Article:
Skip to main content

After Some Dark Days – and Suicidal Thoughts – LenDale White is Smiling Again, Thanks to Former Titans Teammate Chris Johnson


PHOENIX – LenDale White had reached a low point.

After a memorable playing career in college and the NFL, the former Titans running back found himself unemployed, and depressed.

White's phone wasn't ringing, and his days of living life in the fast lane had suddenly come to an end.

White fell into a dark, lonely place.

"There were thoughts of suicide, I can't lie," White said. "There were thoughts of taking sleeping pills, and never waking up. I was very low. The depression, the stress, all of that had kicked in. The finances got low. When you think you're never going to get your head above water again, there's all kinds of things that run through your mind.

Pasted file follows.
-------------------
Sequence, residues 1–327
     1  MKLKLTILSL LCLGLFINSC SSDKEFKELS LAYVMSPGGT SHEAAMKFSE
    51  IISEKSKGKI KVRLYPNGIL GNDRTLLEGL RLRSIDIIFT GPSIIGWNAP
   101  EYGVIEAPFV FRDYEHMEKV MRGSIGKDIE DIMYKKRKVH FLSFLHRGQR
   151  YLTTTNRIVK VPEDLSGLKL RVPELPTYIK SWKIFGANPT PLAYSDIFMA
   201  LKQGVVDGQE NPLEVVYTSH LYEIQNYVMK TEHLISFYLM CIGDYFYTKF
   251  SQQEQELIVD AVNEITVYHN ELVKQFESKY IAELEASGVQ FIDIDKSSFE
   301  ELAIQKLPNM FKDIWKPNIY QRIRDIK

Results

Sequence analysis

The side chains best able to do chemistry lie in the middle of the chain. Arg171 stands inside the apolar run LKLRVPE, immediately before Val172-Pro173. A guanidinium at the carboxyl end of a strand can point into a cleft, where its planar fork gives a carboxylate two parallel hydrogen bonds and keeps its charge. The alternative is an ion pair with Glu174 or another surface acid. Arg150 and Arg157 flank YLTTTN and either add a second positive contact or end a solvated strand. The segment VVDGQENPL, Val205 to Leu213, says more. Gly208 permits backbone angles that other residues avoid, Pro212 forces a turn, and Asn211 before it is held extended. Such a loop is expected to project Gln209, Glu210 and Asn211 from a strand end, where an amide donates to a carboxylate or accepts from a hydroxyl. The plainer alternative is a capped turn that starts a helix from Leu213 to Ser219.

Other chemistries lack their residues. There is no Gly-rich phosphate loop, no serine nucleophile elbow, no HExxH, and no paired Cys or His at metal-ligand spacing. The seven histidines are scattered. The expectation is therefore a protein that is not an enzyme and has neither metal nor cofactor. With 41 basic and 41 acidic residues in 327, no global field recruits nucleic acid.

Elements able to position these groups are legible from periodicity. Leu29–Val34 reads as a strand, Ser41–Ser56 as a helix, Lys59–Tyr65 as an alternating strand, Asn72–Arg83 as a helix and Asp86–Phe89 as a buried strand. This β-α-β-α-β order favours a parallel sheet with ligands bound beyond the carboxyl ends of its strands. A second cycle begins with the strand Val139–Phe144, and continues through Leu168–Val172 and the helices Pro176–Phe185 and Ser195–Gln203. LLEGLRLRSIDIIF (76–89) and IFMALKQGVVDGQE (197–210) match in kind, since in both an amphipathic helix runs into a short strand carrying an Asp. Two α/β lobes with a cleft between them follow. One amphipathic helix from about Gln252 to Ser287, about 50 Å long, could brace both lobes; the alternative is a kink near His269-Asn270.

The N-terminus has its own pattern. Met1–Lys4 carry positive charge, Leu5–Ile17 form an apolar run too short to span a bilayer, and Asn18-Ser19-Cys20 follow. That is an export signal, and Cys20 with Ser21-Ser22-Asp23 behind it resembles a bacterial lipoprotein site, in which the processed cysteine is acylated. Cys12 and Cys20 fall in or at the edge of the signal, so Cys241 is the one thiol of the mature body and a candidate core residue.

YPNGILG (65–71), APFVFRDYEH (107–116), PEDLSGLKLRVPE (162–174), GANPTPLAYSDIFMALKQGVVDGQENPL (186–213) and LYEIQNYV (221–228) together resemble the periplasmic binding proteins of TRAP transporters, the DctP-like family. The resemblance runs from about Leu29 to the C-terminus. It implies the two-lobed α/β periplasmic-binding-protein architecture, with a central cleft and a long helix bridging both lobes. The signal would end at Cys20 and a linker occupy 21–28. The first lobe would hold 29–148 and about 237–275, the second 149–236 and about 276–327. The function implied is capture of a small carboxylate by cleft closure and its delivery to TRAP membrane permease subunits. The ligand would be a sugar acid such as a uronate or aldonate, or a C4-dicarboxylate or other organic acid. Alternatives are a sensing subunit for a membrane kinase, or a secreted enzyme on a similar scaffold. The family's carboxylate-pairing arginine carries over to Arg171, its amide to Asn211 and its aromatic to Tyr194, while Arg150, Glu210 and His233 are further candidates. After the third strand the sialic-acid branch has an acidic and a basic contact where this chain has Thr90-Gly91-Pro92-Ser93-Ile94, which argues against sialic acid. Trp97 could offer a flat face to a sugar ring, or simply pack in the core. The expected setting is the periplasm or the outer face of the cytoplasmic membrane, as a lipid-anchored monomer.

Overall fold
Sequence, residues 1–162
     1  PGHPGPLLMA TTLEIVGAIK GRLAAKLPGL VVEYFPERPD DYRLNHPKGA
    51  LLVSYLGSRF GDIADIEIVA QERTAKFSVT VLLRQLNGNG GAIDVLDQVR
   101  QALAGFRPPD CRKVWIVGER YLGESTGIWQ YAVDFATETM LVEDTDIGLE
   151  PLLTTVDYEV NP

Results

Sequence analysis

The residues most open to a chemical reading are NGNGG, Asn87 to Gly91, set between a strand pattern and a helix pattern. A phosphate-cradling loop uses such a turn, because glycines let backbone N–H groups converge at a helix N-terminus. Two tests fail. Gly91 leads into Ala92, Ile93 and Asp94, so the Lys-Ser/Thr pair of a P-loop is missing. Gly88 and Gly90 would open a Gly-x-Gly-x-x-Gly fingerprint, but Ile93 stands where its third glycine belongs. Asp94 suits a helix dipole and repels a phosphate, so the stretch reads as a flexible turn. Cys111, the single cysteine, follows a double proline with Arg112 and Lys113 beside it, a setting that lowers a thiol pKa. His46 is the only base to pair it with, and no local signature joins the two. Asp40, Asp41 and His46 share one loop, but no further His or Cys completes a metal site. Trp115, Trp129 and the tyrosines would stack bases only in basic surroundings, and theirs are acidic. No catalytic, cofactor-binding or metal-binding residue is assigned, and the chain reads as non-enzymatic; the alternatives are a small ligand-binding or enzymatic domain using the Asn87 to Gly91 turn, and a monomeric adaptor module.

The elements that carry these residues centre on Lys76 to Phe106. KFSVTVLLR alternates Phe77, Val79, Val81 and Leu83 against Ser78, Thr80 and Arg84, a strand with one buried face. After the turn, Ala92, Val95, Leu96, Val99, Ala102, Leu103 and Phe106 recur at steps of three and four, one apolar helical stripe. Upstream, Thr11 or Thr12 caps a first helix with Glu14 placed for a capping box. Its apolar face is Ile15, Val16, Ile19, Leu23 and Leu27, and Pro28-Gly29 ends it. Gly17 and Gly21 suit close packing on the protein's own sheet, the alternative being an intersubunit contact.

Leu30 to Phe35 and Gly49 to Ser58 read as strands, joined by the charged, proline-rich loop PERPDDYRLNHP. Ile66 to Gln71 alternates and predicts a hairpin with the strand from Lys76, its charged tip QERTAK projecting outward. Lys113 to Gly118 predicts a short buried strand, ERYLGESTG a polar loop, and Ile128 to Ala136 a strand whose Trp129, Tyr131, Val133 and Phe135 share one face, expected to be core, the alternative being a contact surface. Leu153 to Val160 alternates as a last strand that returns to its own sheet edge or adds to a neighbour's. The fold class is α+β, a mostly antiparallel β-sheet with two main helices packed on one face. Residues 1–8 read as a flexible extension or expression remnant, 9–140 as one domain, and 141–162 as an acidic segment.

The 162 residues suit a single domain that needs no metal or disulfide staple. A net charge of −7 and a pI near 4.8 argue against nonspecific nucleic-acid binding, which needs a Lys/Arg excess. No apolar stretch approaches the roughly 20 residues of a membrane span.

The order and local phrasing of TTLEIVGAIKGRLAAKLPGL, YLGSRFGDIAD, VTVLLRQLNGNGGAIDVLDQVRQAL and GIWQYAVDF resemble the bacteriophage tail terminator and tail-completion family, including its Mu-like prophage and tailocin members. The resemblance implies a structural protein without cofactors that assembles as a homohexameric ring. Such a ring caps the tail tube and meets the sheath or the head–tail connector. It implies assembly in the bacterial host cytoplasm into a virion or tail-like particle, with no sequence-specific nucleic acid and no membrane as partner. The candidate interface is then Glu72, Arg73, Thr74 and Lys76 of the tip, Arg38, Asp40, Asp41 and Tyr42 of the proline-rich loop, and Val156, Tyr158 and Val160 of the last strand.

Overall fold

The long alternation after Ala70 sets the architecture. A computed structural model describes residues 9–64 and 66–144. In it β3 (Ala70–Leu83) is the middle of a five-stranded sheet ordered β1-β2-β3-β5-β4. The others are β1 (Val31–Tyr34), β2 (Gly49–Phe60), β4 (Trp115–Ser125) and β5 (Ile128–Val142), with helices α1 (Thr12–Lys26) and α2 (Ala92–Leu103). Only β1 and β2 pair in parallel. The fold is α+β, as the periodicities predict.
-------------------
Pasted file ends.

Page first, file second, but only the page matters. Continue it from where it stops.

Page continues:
"I was messed up – popping pills, smoking weed, drinking Lean. I just kept going into a deeper hole."

This was White's mindset roughly 10-12 years ago. It was after he'd been cut by his hometown team, the Denver Broncos, and he realized he'd played his last snap of football. After starring in college at USC, White's best NFL years came from 2006-2009 with the Titans, before he was traded to the Seahawks.

But now, he was missing football, and the life that came with it.

About that same time, a friend – former Titans teammate Chris Johnson – called White over and over and over again to come visit him in Nashville. This went on for months and months.